However, no student should be forced to learn in an environment which is so toxic to their livelihood that they cannot focus on their education or academic growth. Besides, minority and majority students have both been exposed to people they disagree with and people that are attacking them and their beliefs personally. Having niche safe spaces isn’t “sheltering” or “coddling” college students, because they’ve likely already experienced racism, slurs and offensive content their entire childhood in the ‘real world’. They don’t need to experience more of it whilst they are paying upwards of $10,000 a year to get their degree and pursue their dreams.
There’s a huge difference between disagreeing on politics, or the main theme of an essay, and disagreeing about what offends or hurts someone, or what rights a certain group of people deserve.
As far as academic trigger warnings go, there are already warnings on just about everything. Food labels warn people with allergies about peanuts, rides warn pregnant women about potential injurious activity, flashing lights are forewarned for people with epilepsy, toys warn parents of a choking hazard for kids — why can’t we give students with PTSD and other physiological issues a warning before showing or talking about disturbing things such as violent, vicious crimes against minority members, rape, abuse, or murder? This doesn’t exempt students from certain topics. It just gives them enough information to make an educated decision about whether they can handle a heated discussion or graphic imagery without triggering a panic attack or flashbacks. It is not the school’s job to tell its students to “get over it” or “soldier through it” and force them undertake intensive exposure treatment.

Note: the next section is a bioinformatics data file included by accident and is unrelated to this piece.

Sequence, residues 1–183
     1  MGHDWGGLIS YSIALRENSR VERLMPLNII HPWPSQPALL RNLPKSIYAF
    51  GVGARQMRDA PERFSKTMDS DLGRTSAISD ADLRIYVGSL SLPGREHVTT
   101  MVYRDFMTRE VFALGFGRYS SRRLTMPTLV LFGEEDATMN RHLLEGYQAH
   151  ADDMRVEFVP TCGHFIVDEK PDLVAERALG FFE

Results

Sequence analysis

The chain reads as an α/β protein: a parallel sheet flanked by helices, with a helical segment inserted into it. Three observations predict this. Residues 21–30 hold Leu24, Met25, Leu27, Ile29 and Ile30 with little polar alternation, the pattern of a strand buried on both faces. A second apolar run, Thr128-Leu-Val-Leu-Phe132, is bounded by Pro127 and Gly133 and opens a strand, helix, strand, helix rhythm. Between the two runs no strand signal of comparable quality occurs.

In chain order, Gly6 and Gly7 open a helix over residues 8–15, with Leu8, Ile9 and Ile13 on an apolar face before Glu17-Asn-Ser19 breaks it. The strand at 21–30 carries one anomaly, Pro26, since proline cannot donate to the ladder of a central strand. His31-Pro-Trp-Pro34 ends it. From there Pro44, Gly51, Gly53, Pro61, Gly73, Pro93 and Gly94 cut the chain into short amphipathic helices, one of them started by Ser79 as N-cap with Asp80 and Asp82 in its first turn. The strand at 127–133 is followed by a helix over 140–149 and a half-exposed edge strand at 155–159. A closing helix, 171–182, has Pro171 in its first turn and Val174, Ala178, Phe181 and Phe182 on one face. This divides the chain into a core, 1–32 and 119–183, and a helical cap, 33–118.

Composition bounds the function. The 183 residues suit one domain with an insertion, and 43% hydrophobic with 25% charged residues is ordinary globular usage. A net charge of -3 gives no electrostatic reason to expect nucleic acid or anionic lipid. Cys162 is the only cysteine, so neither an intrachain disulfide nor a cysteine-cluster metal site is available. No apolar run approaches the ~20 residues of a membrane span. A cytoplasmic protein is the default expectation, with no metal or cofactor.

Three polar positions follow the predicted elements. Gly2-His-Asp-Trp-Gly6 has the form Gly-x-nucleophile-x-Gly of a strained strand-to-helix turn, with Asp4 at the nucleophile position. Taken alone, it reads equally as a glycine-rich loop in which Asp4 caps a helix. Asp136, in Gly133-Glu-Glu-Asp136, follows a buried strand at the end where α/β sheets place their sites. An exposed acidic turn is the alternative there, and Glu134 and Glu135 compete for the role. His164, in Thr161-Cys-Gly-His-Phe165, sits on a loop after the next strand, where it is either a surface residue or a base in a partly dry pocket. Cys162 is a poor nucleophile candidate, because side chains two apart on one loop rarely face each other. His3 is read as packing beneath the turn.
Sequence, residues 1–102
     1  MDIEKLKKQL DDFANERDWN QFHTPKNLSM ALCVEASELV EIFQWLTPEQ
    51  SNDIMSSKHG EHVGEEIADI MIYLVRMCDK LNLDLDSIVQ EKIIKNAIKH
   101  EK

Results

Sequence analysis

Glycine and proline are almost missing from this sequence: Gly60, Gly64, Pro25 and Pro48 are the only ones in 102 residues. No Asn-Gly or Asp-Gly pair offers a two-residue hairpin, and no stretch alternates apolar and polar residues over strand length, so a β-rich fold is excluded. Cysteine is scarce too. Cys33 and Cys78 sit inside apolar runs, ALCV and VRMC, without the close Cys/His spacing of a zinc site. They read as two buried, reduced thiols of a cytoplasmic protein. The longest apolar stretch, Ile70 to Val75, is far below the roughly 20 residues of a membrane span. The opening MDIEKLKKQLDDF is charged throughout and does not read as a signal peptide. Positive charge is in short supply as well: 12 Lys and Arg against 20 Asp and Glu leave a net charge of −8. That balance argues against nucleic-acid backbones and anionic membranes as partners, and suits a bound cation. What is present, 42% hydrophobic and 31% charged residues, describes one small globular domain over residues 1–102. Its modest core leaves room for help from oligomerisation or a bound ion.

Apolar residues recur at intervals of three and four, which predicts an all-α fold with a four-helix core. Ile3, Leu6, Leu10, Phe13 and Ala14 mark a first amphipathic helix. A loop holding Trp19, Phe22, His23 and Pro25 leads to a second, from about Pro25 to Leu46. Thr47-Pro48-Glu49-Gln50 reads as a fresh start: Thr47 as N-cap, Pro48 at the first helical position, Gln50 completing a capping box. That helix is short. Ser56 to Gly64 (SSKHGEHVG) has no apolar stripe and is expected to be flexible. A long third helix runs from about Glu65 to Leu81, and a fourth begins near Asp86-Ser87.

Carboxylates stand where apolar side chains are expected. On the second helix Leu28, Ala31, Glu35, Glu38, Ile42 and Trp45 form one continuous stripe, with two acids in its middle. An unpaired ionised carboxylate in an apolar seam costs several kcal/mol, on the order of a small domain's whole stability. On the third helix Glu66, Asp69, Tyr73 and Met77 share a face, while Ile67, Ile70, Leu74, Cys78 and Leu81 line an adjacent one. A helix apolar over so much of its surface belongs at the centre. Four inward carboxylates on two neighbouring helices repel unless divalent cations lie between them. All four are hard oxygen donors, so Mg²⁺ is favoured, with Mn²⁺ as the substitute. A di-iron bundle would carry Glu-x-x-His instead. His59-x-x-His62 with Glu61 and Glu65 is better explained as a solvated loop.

There is nothing dangerous about including trigger warnings, or sanctioned safe spaces, or striving to be “politically correct” on college campuses. What’s dangerous is allowing harmful microaggressions, racist, xenophobic speakers who incite violence, and students that believe their words and actions have no societal consequences, to permeate learning environments.
So while the term “politically correct” was turned into an insult, I think I’ll take it as a compliment. Because if being politically correct means that I am someone who will continually better and educate myself, not using terms that are offensive and hurtful to people, and caring about how my words affect marginalized groups, then I am glad to call myself politically correct.